“What is it that induceth you, what stirs you up to believe, or who told you that white signifieth faith, and blue constancy? An old paltry book, say you, sold by the hawking pedlars and balladmongers, entitled The Blason of Colours. Who made it? Whoever it was, he was wise in that he did not set his name to it. But, besides, I know not what I should rather admire in him, his presumption or his s...ottishness. His presumption and overweening, for that he should without reason, without cause, or without any appearance of truth, have dared to prescribe, by his private authority, what things should be denotated and signified by the colour: which is the custom of tyrants, who will have their will to bear sway in stead of equity, and not of the wise and learned, who with the evidence of reason satisfy their readers. His sottishness and want of spirit, in that he thought that, without any other demonstration or sufficient argument, the world would be pleased to make his blockish and ridiculous impositions the rule of their devices.” - Rabelais
I'm an Academic Herald. I'm not a "real" herald; I don't design and register people's coats of arms (though I can certainly suggest designs for those who might be interested). What I do is study, research, teach, and write about heraldry. (You can find some of my books about heraldry and a list of my articles and presentations about heraldry at "Our Website" below.) And I like to share what I have learned about heraldry, hence this blog. I hope that you'll find it informative, interesting at least occasionally, and worth your time to come back. Got a question? Comments? Feel free to ask or let me know. I'd love to hear from you. You can find my contact information in my Profile.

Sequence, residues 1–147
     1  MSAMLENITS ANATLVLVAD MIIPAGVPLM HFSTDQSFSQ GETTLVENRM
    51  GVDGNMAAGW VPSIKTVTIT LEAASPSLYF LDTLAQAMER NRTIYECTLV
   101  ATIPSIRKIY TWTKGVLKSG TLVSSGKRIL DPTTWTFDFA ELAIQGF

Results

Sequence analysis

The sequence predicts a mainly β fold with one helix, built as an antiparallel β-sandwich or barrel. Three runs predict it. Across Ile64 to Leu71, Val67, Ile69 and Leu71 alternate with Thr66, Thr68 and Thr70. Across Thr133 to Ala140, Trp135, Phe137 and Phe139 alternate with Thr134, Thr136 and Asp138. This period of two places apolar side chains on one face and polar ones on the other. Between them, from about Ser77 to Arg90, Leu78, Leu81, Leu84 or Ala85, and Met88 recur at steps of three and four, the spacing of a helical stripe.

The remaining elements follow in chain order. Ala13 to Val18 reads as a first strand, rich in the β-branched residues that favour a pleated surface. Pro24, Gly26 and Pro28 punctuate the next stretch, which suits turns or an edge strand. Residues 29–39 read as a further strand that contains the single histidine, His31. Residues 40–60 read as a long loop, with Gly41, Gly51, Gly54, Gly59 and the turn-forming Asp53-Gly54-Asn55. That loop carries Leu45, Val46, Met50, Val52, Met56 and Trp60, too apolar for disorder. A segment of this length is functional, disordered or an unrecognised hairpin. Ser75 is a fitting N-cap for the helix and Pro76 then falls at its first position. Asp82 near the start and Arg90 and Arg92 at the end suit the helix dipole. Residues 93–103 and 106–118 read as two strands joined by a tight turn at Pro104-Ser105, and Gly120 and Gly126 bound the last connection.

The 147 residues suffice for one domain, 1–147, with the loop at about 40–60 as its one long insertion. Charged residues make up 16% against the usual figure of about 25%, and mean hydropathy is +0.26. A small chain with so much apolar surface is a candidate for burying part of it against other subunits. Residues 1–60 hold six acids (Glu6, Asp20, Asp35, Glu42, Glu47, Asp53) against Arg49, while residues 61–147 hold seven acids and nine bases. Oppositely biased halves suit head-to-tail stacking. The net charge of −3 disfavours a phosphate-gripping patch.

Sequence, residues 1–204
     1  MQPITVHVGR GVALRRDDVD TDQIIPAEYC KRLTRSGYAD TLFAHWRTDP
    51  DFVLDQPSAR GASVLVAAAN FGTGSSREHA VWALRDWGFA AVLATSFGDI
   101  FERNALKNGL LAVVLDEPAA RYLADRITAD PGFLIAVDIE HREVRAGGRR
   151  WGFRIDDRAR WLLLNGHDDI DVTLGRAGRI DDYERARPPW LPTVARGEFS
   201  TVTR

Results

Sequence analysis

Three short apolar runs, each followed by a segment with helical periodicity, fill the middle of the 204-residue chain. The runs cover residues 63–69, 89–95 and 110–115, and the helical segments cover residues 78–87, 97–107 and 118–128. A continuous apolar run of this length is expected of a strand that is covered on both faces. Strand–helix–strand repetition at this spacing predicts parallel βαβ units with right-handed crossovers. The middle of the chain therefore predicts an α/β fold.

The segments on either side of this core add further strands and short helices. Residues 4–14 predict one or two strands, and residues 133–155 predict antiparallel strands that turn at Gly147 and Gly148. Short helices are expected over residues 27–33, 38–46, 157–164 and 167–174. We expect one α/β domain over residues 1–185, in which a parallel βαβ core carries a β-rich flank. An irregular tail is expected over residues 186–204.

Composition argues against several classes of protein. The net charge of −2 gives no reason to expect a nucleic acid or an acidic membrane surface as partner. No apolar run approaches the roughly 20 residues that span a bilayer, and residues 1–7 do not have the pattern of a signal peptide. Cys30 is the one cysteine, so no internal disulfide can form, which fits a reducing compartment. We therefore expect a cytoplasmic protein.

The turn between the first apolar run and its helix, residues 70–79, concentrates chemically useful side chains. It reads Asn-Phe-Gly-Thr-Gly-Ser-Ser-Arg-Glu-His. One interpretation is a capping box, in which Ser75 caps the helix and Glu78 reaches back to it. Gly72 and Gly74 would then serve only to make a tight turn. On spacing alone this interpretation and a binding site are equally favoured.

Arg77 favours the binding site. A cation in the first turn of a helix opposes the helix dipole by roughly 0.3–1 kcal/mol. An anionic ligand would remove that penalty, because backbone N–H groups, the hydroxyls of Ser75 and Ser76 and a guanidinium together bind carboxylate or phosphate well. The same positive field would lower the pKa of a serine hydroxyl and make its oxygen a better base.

In a recent (April 9, 2013) news article, kentnews.co.uk noted the display in the Natural History Museum in London of the first substantiall...
Genealogical Speakers Guild
Genealogical Speakers Guild
Monday, May 7, 2012
Heraldry In and Around Dallas, Texas (circa 1998)
This next item is a photograph of a piece of memorabilia relating to a company that went out of business well before I was researching and photographing for my presentation in 1998.
Braniff International was a Dallas-based airline from 1930-1982, with two successor companies using the name from 1983-1990 and 1991-1992. At one time it was a leader among airlines, painting its planes in bright colors and using fashion designers to design uniforms for its flight attendants, but it wasn’t able to survive the government’s deregulation of the airline industry.
There are, of course, no tinctures marked on the piece, and I doubt that we can assume that the second quarter is hatched for azure (blue) and the third quarter for gules (red), but it makes for an interesting quasi-heraldic design with the jet airliner and globe in the first and fourth quarters.